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ARS Home » Research » Publications at this Location » Publication #135186


item Compton, David - Dave
item Laszlo, Joseph

Submitted to: International Symposium on Molten Salts
Publication Type: Proceedings
Publication Acceptance Date: 5/17/2002
Publication Date: N/A
Citation: N/A

Interpretive Summary: Ionic liquids are a new, nonvolatile, environmentally friendly class of solvents than can be substituted for volatile organic solvents. One of our goals is to invent methods of transforming agricultural products to higher value products that use ionic liquids instead of more common organic solvents. This study examines the use of electrodes in ionic liquids to activate molecules containing iron atoms. These results provide preliminary evidence that iron-containing enzymes can be activated by electricity in ionic liquids to carry out a variety of reactions to make agriculturally based cosmetics, skin care products, and nutrition supplements. The fact that the iron-containing enzymes can be used several times in the environmentally friendly ionic liquids results in less waste and a "greener" method of producing the desired products.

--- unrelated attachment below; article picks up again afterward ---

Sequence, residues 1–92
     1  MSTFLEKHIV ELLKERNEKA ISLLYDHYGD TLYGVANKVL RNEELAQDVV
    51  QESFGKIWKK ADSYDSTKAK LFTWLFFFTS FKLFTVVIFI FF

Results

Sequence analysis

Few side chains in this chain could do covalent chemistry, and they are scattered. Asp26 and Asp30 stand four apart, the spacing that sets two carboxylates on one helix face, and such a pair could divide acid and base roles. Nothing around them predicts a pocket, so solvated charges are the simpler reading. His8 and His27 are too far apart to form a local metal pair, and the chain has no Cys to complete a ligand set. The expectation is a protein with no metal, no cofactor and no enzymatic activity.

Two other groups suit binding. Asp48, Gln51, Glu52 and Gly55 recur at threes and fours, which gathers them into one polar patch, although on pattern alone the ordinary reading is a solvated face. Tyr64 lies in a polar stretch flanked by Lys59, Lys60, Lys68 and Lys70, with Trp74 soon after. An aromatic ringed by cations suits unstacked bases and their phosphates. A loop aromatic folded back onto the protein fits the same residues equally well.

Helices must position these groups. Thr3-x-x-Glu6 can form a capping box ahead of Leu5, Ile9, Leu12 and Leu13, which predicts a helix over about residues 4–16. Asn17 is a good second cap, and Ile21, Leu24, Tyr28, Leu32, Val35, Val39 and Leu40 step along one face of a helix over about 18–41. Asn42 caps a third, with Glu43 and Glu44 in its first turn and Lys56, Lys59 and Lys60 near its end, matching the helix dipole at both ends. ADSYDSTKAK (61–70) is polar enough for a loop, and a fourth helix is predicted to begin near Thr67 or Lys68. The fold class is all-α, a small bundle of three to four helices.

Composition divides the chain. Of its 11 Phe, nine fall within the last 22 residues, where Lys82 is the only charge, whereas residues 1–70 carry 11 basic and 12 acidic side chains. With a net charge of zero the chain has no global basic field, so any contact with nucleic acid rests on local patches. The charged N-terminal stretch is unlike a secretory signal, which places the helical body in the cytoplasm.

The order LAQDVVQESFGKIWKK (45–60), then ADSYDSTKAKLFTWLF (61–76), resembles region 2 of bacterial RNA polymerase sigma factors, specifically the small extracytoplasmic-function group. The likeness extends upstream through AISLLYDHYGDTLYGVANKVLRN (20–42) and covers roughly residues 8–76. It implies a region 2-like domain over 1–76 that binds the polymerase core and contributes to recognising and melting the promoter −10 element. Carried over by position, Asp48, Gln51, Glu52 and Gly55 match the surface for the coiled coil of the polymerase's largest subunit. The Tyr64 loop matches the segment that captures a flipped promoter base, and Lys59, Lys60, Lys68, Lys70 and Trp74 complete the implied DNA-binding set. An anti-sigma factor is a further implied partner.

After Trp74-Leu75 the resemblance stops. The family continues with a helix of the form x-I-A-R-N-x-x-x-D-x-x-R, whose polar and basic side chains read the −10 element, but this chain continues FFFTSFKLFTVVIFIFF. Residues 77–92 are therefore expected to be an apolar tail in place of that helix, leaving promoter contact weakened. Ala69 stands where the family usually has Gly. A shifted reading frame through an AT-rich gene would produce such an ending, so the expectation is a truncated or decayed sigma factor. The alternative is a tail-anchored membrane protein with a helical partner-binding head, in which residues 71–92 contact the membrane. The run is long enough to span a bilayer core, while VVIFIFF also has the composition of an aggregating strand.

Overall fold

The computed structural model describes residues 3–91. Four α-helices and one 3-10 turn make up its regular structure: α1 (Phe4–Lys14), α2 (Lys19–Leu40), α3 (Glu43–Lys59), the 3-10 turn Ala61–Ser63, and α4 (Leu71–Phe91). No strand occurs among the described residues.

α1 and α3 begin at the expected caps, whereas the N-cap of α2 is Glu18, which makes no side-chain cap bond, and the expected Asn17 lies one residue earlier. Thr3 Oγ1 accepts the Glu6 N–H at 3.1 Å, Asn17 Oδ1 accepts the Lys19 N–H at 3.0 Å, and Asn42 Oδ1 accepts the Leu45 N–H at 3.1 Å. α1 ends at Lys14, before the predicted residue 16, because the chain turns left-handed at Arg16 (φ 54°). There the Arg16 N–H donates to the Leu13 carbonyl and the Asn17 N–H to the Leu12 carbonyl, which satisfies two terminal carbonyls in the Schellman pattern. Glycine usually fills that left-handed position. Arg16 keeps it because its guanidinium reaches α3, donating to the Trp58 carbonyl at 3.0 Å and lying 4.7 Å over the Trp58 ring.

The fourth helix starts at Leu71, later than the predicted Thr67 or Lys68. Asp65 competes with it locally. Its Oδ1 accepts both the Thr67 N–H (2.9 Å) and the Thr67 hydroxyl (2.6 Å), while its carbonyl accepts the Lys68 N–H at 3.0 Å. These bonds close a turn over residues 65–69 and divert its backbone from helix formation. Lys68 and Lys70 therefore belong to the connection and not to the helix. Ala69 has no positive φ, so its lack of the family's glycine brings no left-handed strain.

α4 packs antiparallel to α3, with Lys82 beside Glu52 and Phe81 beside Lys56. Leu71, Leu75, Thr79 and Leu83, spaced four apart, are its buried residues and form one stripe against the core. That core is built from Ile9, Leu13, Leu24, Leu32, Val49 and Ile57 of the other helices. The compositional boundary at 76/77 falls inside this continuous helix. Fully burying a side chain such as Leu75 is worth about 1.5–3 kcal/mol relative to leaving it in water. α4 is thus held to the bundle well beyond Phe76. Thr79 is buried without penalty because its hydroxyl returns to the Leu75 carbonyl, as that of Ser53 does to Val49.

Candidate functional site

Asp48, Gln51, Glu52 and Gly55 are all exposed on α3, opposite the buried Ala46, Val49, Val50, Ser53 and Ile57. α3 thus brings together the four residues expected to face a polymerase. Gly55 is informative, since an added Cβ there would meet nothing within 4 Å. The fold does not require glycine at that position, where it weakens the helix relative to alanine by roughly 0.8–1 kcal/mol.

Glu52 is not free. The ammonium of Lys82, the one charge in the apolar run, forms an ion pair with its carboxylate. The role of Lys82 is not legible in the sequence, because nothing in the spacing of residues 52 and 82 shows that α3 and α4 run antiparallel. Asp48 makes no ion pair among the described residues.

Technical Abstract: The direct electrochemical reduction of hemin, protopophyrin(IX) iron(III) chloride, ligated with strong or weak heterocyclic bases, was investigated in the ionic liquids (ILs), 1-butyl-3-methylimidazolium hexafluorophosphate ([bmim][PF6]) and 1-octyl-3-methylimidazolium hexafluorophosphate ([omim][PF6]), using cyclic voltammetry and chronocoulometry. E1/2 values of hemin complexed with N-methylimidazole (NMI) or with pyridine (without electrolyte) were determined in the ILs (without electrolyte) and in methanol (1.0 M electrolyte). The diffusion coefficients and heterogeneous electron-transfer rate constants of hemin in the ILs were also determined. Cyclic voltammetry of hemin adsorbed to a gold surface through 4,4'-bispyridyl disulfide linkages showed a large positive shift in the oxidation wave. The surface concentration of the adsorbed hemin was resolved. Our findings suggest that while hemin is electrochemically active in ILs, its behavior is modified by ligand field strength and surface adsorption phenomena.